But as Willy Loman in Death of a Salesman, every night I have to crawl into that dark hole. I have to take the time before the lights dim, to commit to the idea that I, Willy Loman, am going to kill myself.
I've always intellectually understood suicide. I've experienced it as a family member and friend of others who have committed suicide. But it's never been part of my DNA. I'm in favor of assisted suicide for the terminally ill (that makes sense to me, (rather than a prolonged and pointless suffering). But personally - I really, really like breathing and all that comes with it. The laughter, the tears, the pain, the pleasure.
Death of a Salesman is a three hour play. I need at least two hours before the performance to prepare, and at least two hours after to decompress. That adds up to seven hours every performance night that I am wallowing in contemplation of my (Willy's) suicide.
Ultimately even Willy is only able to make the commitment by lying to himself - by convincing himself that his death will benefit his favored son. Every night, Willy walks resolutely off to his own demise, simultaneously pleased and disturbed, proud and afraid of the decision he has made.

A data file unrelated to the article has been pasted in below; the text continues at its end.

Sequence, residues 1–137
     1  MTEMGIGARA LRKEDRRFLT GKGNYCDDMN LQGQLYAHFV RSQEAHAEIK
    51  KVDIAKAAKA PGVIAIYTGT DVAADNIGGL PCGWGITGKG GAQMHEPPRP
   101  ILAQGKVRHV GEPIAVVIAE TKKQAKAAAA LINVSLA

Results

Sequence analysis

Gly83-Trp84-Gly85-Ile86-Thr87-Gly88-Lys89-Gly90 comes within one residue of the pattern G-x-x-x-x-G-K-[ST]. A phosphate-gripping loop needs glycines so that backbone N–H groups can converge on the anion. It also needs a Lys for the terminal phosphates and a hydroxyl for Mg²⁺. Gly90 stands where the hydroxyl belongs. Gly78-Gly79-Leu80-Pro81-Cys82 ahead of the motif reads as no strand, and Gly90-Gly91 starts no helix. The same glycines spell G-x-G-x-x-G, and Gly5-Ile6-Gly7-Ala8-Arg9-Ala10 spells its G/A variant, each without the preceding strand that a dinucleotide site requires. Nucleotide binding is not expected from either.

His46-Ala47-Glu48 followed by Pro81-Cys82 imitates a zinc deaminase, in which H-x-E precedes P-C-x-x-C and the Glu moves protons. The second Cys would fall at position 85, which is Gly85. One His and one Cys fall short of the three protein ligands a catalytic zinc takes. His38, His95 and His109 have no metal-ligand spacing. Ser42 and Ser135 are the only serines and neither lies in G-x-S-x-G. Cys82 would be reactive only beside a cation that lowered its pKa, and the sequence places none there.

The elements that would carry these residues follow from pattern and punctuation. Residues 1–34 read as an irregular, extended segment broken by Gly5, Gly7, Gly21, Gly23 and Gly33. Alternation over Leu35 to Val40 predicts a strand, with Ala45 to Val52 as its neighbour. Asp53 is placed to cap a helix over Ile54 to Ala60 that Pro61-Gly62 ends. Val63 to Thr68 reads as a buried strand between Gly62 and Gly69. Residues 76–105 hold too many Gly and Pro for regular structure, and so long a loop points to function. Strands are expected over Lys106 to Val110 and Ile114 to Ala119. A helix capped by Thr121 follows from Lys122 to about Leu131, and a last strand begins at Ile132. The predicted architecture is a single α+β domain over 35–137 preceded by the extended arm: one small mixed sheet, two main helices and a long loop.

From the first line of the first scene, Willy is considering his own death. That colors the delivery and shape of every word Willy speaks, every event and person he dredges up from his imagination and memory, every reaction he has to what happens around and to him.
I guess I'm not making this sound like a 'fun' performance to attend - and fun is not really what we are aiming at. And yet - there is an exhilaration that comes from exploring so intimately the darkest thoughts of this iconic American stage character. And my fellow actors are so good - they push and push and push back at me (at Willy). Every night they make me see a line, a word, a scene in a different light.
It's a hell of an experience.